Up­dat­ed: No Seagen here: 'Do more' means a small $1.35B pur­chase of Ima­go for Mer­ck

Merck is making an acquisition, the Big Pharma announced before Monday’s opening bell. No, Seagen is not entering the fold, as had been speculated for quarters.

Folding under Merck’s wings will be Pfizer-backed Imago BioSciences. For nearly a year, Merck CEO Rob Davis has been saying the pharma giant needs to “do more” on the business development front after its 2021 $11.5 billion acquisition of Acceleron.

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Andrew Phillips, Nexo Therapeutics CEO

Scoop: Ver­sant, NEA launch new biotech helmed by ex-CEO of pro­tein de­grad­er C4 Ther­a­peu­tics

Long-time biotech venture firms Versant and New Enterprise Associates are backing a new startup run by former C4 Therapeutics chief executive Andrew Phillips.

The fledgling biotech has raised at least $30 million so far, according to paperwork filed with the SEC this week. The round could balloon to $60 million.

Phillips, who left protein degradation startup C4 in 2020 to be a managing director at Cormorant Asset Management, is running the show of the new venture as president, the SEC filing outlines. He also served as interim CEO of Cormorant-backed and Hansoh Pharmaceutical-partnered Blossom Bioscience last year.

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J&J's Spra­va­to pulls a PhI­II win against Sero­quel XR in treat­ment-re­sis­tant de­pres­sion

A day before Thanksgiving, J&J’s Janssen has a new cut of Phase III Spravato data to be grateful for.

The pharma giant announced on Wednesday that its nasal spray, also known as esketamine, beat extended-release quetiapine, previously sold by AstraZeneca as Seroquel XR, in treatment-resistant depression (TRD). Of 676 adults, a significantly higher number of patients on Spravato were able to achieve remission and avoid relapse after 32 weeks, according to J&J.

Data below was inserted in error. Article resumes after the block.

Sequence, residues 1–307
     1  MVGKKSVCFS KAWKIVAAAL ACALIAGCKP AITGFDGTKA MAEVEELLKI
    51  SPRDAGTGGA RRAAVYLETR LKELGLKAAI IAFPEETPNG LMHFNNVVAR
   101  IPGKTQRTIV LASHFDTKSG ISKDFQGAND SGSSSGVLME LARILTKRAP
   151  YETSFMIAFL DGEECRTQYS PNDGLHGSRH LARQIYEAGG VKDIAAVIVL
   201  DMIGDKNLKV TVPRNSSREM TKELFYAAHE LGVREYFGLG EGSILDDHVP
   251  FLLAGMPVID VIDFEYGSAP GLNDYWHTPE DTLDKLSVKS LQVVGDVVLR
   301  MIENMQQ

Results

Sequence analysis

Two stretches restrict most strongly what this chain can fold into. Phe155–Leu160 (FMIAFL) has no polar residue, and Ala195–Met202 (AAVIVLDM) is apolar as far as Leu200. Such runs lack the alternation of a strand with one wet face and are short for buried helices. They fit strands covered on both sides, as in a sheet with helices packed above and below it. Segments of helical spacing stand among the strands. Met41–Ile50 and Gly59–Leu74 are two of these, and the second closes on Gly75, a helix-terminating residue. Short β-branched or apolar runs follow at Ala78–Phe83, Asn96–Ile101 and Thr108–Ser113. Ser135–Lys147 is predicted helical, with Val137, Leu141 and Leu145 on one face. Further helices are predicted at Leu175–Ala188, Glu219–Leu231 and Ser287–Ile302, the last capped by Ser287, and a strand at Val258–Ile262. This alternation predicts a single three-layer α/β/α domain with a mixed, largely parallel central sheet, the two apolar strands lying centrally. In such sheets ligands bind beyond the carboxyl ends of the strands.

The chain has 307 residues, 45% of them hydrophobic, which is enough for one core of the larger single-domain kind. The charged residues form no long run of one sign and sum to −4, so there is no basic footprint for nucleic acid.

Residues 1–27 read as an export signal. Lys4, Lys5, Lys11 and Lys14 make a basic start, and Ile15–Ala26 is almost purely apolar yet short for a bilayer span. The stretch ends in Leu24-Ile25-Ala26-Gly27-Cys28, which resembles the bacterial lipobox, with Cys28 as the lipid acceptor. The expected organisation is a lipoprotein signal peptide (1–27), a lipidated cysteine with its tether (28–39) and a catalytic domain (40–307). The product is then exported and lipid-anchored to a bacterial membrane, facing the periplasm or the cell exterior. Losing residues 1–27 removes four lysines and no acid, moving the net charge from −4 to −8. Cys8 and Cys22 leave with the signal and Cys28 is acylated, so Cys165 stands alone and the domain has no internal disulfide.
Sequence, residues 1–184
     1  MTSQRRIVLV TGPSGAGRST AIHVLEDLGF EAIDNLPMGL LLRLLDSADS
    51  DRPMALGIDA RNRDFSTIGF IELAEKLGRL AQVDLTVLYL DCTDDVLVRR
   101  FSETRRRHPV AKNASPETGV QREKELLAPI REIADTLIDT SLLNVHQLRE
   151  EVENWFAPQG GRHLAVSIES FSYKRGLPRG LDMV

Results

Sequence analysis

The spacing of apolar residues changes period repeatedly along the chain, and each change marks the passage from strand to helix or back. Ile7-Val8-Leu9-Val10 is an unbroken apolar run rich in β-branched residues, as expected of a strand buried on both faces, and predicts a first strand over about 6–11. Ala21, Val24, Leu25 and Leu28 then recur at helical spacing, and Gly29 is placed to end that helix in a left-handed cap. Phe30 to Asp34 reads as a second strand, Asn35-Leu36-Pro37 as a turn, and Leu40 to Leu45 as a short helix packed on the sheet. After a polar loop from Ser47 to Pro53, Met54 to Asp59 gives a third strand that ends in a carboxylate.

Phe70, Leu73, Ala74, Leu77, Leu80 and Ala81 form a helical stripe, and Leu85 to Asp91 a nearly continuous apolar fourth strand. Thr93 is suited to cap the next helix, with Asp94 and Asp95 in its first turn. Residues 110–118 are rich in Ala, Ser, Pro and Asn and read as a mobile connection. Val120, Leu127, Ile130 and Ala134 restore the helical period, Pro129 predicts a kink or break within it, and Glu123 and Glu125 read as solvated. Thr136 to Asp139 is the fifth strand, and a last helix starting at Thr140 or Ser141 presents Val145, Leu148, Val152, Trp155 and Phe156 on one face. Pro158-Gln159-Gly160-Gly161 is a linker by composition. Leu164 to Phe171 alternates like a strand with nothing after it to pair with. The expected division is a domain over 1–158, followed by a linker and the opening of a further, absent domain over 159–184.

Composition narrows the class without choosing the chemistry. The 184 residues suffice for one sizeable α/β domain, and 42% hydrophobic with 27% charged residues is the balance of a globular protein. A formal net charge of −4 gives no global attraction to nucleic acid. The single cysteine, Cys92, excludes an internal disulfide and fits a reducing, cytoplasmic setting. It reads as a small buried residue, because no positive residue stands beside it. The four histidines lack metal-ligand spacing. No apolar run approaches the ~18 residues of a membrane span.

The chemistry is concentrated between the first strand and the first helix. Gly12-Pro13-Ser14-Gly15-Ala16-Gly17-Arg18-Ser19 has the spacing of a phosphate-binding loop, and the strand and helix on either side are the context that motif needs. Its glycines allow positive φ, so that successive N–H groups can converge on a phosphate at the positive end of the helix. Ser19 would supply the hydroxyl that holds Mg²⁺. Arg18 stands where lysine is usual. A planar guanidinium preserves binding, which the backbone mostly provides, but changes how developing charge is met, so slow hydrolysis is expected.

Dermavant Sciences' first consumer TV ad for its Vtama psoriasis med shows people ready for a new topical treatment.

Roivant’s Der­ma­vant de­buts first-ever TV com­mer­cial for pso­ri­a­sis cream Vta­ma

Dermavant Sciences has been marketing its first product, psoriasis med Vtama, to dermatologists for months, but on Tuesday it rolled out its first consumer campaign. The debut DTC effort including a streaming TV commercial encourages patients to a “Topical Uprising” in a nod to Vtama being a topical cream.

In the new commercial, a swell of people discards scarves and jacket coverings, gathering in the street to converge on a pharmacy to demand a steroid-free prescription. A moment of levity follows when a pharmacist says, “You know you can just talk to your doctor, right?” The gathered crowds collectively says, “Oh.”

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FDA preps for DMD drug gener­ics as Sarep­ta has yet to fin­ish its con­fir­ma­to­ry tri­al

The FDA typically releases guidance to help generic drug manufacturers develop new copycats of small molecule drugs, oftentimes in preparation for a brand name product’s patents or exclusivity to expire.

This week, FDA released such bioequivalence guidance for any generic drugmakers looking to take on Sarepta’s Duchenne muscular dystrophy (DMD) drug Exondys 51 (eteplirsen), even though the drug’s sponsor has yet to convert the accelerated approval to a full approval, showing clinical benefit.